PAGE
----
Quinto first appeared on television in the short-lived television series The Others, appeared as a guest star on shows including CSI, Touched by an Angel, Six Feet Under, Lizzie McGuire, L. A. Dragnet. In 2003, during the theatrical run of Endgame by Samuel Beckett, directed by Kristina Lloyd at the Odyssey Theatre in Los Angeles playing the role of Clov, he landed a recurring role as computer expert Adam Kaufman on the Fox series 24. In 2006, Quinto played the role of Sasan: the haughty, bisexual Iranian-American best friend of Tori Spelling on her VH1 series So NoTORIous; that year, he joined the cast of Heroes as Gabriel Gray, better known as the serial killer Sylar. He worked on the series until its cancellation in 2010 after four seasons, his casting as a young Spock in the J. J. Abrams-directed reboot of the Star Trek film franchise was announced at the 2007 Comic-Con. Speaking alongside Leonard Nimoy at a press conference to promote the first new Star Trek film, Quinto revealed that Nimoy had been given casting approval over who would play the role of the young Spock.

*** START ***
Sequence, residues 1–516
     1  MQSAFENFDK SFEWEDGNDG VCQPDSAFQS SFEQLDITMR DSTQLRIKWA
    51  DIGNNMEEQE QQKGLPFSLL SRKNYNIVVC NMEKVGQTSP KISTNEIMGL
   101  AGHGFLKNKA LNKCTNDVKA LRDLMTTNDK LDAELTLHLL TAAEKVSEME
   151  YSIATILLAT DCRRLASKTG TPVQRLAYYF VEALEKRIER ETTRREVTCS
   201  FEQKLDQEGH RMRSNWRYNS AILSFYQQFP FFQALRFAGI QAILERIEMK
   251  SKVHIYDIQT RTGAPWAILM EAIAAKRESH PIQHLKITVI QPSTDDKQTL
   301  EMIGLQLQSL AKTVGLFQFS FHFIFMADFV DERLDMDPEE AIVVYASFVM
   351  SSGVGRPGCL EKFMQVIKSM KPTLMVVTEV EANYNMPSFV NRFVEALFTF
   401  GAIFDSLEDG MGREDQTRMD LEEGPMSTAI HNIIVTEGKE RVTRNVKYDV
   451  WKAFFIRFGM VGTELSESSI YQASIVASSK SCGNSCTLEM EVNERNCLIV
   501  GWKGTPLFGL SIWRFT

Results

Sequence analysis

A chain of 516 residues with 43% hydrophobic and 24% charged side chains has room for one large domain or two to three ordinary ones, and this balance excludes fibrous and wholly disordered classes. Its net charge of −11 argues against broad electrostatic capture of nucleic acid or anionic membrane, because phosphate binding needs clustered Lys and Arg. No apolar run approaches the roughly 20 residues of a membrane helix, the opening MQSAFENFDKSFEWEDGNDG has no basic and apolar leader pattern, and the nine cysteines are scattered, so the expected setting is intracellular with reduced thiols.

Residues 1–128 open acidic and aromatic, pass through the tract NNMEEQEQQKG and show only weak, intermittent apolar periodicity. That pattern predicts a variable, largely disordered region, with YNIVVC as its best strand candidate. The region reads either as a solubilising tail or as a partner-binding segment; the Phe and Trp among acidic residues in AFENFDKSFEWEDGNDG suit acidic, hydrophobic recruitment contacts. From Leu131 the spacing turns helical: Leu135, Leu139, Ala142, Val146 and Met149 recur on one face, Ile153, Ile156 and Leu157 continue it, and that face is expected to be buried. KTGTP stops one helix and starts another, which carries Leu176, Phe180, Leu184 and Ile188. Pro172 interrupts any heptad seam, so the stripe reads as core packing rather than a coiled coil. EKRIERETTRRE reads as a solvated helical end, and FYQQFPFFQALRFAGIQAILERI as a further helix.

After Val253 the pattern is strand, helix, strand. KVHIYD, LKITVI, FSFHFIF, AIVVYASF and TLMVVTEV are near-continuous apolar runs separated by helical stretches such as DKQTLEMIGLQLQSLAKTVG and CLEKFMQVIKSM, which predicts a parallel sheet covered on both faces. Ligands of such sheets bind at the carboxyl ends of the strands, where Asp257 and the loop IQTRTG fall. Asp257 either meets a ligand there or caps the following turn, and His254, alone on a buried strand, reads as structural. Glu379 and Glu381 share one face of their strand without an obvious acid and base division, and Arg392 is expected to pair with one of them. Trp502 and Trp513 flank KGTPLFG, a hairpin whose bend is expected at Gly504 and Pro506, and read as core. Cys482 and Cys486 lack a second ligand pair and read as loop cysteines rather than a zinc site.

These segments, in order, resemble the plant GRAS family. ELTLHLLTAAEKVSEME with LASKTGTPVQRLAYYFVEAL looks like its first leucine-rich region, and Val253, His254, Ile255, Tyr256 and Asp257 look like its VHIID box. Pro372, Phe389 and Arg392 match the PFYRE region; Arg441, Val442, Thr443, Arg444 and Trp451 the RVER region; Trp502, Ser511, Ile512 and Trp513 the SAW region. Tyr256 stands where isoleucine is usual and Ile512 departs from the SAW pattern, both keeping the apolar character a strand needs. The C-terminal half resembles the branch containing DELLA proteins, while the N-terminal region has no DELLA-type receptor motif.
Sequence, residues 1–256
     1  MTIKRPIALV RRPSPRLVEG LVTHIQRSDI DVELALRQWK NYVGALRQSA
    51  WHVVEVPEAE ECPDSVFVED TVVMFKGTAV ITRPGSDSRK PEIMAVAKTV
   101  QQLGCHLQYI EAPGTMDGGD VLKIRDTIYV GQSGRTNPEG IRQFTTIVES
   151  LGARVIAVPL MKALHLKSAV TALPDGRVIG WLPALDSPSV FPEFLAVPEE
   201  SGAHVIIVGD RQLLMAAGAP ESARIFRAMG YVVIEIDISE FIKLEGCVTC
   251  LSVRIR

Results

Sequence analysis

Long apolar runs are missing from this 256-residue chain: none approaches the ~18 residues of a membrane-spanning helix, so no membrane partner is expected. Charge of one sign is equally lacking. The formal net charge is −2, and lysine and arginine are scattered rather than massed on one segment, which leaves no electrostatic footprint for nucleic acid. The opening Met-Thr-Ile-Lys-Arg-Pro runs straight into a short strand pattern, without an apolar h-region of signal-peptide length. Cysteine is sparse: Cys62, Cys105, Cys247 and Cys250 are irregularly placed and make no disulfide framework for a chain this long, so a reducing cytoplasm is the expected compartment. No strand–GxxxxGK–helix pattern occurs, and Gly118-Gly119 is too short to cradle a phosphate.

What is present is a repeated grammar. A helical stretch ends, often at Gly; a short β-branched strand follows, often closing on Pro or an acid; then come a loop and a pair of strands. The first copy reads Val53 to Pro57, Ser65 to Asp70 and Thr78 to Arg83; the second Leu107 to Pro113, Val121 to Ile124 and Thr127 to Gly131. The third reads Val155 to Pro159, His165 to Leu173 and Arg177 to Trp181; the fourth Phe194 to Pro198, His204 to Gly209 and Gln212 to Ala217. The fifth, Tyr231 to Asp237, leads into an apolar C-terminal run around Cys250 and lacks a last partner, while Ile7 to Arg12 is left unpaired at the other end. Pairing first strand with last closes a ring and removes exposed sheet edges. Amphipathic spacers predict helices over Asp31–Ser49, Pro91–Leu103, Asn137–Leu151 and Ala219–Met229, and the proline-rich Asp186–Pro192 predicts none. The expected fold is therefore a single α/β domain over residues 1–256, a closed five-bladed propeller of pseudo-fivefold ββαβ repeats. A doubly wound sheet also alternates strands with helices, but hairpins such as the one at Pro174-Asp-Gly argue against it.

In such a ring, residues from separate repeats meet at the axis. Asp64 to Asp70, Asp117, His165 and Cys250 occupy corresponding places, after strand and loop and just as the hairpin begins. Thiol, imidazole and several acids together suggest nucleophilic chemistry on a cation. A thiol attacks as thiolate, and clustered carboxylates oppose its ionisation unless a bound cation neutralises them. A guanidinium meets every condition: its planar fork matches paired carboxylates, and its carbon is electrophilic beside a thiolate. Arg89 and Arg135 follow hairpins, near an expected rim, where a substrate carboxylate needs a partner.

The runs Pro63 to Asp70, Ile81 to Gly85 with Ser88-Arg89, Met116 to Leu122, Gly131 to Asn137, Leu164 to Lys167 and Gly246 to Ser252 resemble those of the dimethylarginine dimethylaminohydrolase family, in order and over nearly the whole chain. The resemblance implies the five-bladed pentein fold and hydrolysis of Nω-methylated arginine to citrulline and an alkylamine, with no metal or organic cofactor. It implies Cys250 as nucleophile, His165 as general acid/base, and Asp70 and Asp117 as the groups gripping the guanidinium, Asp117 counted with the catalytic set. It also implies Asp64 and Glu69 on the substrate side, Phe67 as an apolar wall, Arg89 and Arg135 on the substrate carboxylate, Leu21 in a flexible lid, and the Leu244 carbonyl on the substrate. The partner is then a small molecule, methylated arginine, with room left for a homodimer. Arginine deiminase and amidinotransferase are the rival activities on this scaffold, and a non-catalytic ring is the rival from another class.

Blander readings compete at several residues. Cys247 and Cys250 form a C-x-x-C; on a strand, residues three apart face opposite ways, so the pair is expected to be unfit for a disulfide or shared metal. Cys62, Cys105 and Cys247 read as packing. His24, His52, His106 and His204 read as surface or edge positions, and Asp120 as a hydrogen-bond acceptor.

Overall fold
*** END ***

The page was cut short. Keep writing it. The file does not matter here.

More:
"For me Leonard's involvement was only liberating, frankly," says Quinto. "I knew that he had approval over the actor that would play young Spock, so when I got the role I knew from the beginning it was with his blessing." In a September 2008 interview, Abrams said of Quinto's performance as Spock: "Zachary brought a gravity and an incredible sense of humor, a wonderful combination because Spock's character is deceivingly complicated. The revelation for me watching the movie, when I got to watch the whole thing after working on sequences, was that he is extraordinary, he was doing things I didn't realize while we were shooting – these amazing things to track his story." Quinto made references to Star Trek's historical record for diversity and inclusiveness in its casting and storylines, said that he hoped the looming election of Barack Obama would build that dynamic towards the film's May 2009 release date. After Star Trek, he appeared in the comedy short Boutonniere, it "...was a movie written and directed by my former landlady and friend.